2/03/2005

Eason Down The Road

This story is all over the conservative blogosphere, but I have a number of readers who won't go into that neighborhood; I won't feel too guilty about re-hashing it here.

You may remember Eason Jordan. He's the CNN honcho who confessed that CNN deliberately underreported stories of Saddam's atrocities.

Mr. Jordan is now embroiled in something of a larger dust-up. In a panel discussion at the World Economic Forum, Mr. Jordan asserted that he had specific knowledge that the U.S. military had targeted and killed 12 U.S. journalists. A second blogger who was in attendance has corroborated the story - and she is a woman who used to work for Eason and who received several promotions from the man.

CNN is on the defensive. They called the PowerLine (the blokes at the forefront of the Rathergate debacle) guys to try and spin the story, but wouldn't speak on the record. Requests to CNN are being met with a garden-variety "out of context" response:

Many blogs have taken Mr. Jordan's remarks out of context. Eason Jordan does not believe the U.S. military is trying to kill journalists. Mr. Jordan simply pointed out the facts: While the majority of journalists killed in Iraq have been slain at the hands of insurgents, the Pentagon has also noted that the U.S. military on occasion has killed people who turned out to be journalists. The Pentagon has apologized for those actions.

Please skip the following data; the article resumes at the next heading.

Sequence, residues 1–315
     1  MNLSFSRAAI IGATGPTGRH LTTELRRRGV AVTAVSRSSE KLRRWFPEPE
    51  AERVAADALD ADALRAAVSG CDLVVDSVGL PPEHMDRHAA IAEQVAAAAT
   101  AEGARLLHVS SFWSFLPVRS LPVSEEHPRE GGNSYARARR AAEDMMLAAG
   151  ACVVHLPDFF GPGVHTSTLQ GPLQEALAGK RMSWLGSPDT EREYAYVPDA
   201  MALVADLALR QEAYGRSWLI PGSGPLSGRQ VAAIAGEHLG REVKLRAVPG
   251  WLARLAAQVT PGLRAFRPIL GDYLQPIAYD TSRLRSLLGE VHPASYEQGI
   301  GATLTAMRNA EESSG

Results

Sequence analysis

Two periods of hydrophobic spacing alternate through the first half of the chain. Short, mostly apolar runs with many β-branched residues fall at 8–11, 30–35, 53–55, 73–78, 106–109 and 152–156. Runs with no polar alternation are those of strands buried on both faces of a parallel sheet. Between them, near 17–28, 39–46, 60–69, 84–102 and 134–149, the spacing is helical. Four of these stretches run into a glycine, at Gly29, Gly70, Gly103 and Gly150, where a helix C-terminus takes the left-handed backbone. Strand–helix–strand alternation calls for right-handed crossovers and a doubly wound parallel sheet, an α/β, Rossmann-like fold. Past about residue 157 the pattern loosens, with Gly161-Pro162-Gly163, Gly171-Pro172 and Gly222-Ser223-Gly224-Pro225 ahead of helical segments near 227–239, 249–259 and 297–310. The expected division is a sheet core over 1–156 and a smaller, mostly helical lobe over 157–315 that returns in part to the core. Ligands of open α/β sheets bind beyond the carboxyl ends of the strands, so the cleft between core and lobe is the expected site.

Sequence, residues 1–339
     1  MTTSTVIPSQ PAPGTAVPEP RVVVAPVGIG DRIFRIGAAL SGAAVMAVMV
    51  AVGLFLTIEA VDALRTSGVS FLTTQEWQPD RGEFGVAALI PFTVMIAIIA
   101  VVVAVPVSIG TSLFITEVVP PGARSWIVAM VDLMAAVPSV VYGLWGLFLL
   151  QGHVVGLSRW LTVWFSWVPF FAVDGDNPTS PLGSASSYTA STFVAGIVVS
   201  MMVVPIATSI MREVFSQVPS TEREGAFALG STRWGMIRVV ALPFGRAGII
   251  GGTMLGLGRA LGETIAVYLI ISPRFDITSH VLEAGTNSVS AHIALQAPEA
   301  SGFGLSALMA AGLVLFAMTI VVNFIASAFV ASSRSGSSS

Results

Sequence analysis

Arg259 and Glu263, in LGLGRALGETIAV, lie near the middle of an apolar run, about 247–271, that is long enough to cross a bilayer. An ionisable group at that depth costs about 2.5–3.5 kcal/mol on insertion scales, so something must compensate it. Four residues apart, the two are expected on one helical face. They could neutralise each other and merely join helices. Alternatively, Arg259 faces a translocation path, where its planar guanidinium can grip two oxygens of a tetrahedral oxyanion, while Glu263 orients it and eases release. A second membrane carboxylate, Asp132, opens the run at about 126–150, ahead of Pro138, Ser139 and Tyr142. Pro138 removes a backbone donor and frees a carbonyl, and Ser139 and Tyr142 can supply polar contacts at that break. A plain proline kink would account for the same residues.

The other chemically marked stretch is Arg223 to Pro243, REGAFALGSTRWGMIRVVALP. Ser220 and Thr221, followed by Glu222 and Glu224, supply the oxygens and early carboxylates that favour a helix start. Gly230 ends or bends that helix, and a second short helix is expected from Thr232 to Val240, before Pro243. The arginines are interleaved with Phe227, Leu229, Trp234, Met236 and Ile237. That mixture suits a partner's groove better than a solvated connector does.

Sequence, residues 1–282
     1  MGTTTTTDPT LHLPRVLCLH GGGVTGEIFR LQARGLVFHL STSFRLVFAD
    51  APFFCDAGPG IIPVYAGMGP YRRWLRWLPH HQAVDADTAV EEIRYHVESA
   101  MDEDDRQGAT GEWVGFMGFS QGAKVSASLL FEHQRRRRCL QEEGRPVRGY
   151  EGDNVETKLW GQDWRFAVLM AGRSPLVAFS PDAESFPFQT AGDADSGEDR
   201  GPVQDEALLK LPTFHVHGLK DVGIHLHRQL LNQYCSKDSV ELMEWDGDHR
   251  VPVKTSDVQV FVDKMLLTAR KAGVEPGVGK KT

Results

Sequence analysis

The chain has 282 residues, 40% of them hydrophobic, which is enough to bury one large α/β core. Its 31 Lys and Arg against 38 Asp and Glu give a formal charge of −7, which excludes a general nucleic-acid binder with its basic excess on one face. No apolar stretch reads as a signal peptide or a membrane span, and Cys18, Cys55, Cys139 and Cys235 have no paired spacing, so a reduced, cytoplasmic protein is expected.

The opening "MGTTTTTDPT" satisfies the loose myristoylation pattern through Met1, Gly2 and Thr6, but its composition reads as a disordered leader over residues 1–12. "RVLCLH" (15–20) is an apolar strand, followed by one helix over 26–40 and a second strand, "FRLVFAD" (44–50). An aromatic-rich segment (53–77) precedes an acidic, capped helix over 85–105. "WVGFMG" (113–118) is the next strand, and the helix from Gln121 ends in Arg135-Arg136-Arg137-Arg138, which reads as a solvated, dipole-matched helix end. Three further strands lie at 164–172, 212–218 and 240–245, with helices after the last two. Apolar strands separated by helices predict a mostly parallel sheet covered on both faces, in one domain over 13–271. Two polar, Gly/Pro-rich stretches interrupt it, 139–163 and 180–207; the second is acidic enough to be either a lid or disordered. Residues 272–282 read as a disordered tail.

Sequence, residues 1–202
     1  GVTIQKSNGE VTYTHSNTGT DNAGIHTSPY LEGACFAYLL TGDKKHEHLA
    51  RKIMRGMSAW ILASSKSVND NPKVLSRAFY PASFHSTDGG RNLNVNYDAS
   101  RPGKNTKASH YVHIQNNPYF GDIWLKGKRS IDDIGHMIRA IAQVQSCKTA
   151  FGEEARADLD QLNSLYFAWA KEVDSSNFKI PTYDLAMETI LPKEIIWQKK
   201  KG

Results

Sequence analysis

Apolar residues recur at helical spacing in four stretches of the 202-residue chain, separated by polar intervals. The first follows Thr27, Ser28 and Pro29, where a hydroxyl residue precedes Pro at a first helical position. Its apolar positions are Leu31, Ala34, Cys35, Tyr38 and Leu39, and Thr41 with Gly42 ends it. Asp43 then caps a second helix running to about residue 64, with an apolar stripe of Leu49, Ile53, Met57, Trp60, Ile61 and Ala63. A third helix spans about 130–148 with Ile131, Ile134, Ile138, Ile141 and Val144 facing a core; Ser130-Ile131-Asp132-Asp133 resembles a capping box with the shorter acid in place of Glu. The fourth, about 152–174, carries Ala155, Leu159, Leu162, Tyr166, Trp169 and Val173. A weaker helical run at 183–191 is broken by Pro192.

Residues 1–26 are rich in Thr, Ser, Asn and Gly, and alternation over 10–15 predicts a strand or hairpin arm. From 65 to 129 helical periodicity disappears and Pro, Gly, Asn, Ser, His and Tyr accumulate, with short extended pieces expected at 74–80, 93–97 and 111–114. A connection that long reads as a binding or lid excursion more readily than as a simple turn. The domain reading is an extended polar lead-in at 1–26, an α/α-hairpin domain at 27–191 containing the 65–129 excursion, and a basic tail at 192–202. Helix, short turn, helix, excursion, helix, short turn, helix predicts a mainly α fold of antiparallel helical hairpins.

Mr. Jordan was responding to an assertion by Cong. Frank that all 63 journalist victims had been the result of "collateral damage."
Jordan has a habit of accusing the U.S. military of attacking reporters. In a November 19, 2004 article in The Guardian, he had this to say:
"Actions speak louder than words. The reality is that at least 10 journalists have been killed by the US military, and according to reports I believe to be true journalists have been arrested and tortured by US forces," Mr Jordan told an audience of news executives at the News Xchange conference in Portugal. (emphasis mine)
No transcript or recording of the panel discussion has yet been made available. Rebecca MacKinnon, another blogger at the forum, asked Eason to clarify his comments and got an email response.
Here's what's important. First, I stressed insurgents are to blame for the vast majority of the 63 journalist deaths in Iraq. Second, when Congressman Franks said the 63 journalists killed in Iraq were the unfortunate victims of "collateral damage," I felt compelled to dispute that by pointing out journalists in Iraq are being targeted -- I did not say all journalists killed were targeted, but that some were shot at on purpose and were not collateral damage victims. In response to a question about whether I believed the U.S. military meant to kill journalists in Iraq, I said, no, I did not believe the U.S. military was trying to kill journalists in Iraq. Yet, unfortunately, U.S. forces have killed several people who turned out to be journalists. In several cases, the U.S. troops who killed those people aimed and fired at them, not knowing they were shooting at journalists. However tragic and, in hindsight, by Pentagon admission, a mistake, such a killing does not fall into the "collateral damage" category. In Iraq and Washington, I have worked closely and constructively with U.S. military and civilian leaders in an effort to heighten the odds of survival for the courageous journalists in Iraq.
The solution to this problem is, of course, transparency - let's see the transcript. If Mr. Jordan's comments were, in fact, taken out of context, there will be a long line of people in the blogosphere that will owe him an apology.